South Scotland needs to stem tide of outward migration

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Key economic issues in the south of Scotland were top of the agenda with members of the South of Scotland Alliance who met Deputy First Minister John Swinney.

The future of agriculture policy and rural development funding in light of Brexit and the demographic (age and population) and transport challenges were all discussed.

Councillor Mark Rowley, Scottish Borders Council’s executive member for business and economic development, said: “The outward migration of our younger population is a challenge for the south of Scotland now, and will becoming increasingly so if change does not happen soon. There is confidence that the South of Scotland Enterprise and a Borderlands Inclusive Growth Deal will help address not only outward-migration of our young people but also support and encourage inward investment, bringing jobs for local people and others.”

“We want this area to thrive, and to do so we need to create more opportunities for learning at the highest level; make the region more attractive for younger people to stay, or return after studying; and support the creation of more jobs, particularly those of higher quality and pay.”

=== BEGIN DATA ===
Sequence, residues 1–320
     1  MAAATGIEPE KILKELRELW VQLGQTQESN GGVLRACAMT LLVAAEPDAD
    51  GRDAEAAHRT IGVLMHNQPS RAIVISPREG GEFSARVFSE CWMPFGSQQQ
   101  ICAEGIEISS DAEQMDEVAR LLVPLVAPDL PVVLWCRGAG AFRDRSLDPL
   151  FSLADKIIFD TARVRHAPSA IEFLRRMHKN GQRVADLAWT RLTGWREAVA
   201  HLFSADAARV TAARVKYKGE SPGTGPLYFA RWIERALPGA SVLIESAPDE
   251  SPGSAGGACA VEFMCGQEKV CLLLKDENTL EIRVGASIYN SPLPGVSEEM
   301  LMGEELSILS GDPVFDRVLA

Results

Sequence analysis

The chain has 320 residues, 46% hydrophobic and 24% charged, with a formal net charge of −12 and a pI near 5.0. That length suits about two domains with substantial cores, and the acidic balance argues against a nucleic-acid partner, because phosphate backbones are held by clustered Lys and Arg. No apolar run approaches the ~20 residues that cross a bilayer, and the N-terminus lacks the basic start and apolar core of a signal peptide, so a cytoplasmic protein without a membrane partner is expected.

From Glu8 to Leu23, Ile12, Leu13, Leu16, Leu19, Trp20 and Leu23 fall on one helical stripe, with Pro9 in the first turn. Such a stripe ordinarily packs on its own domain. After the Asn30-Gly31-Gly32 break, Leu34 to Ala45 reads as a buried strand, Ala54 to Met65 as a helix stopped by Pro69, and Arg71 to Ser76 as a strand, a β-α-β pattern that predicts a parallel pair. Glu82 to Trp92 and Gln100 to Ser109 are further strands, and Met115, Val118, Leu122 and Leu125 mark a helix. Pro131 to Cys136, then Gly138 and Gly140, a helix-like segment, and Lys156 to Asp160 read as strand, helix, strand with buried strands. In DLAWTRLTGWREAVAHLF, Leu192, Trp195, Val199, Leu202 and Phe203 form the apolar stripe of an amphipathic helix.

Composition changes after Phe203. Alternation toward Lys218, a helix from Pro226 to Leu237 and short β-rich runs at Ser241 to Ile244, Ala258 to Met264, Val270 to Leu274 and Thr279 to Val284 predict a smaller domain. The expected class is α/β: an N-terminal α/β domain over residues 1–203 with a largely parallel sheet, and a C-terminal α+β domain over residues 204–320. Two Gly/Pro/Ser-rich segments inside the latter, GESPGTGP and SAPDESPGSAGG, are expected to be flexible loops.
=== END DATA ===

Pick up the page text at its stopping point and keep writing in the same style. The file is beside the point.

The Alliance also discussed road, rail and public transport concerns, and opportunities, with Mr Swinney at the productive meeting.

Deputy First Minister John Swinney said: “This meeting was a welcome opportunity to meet the South of Scotland Alliance to discuss shared concerns over the risks and threats presented by Brexit. The Scottish Government is working hard to ensure the rural economy is supported and prepared for the challenges ahead but greater clarity is needed from the UK Government.

“We remain deeply frustrated about the lack of any certainty over future funding arrangements for investment in our communities and businesses and the impact this could have across the south of Scotland. Whilst the UK Government has committed to establishing a Shared Prosperity Fund to replace EU funding, it is disappointing that after almost two years we are no nearer to knowing anything about the UK Government’s proposals.

“A hard or no deal Brexit could also have catastrophic impacts on our farming and food production industry with more than 9,000 non-UK seasonal migrant workers employed in farming and food production, including the dairy sector in the south west.

“Scotland benefits significantly from the contribution of people who choose to live, work and study here, and they are crucial to Scotland’s future economic growth. However the UK Government’s approach to Brexit and migration in general threatens Scotland’s future prosperity and the wellbeing of communities in Dumfries and Galloway and Scottish Borders.

“The evidence is clear - current UK Government immigration policy is harmful to Scotland’s interests. We need a tailored approach to migration, with more powers for Scottish Ministers, accountable to the Scottish Parliament, to develop sustainable solutions for Scotland which meet the needs of all sectors of our economy, including food & drink, hospitality, tourism, and public services.”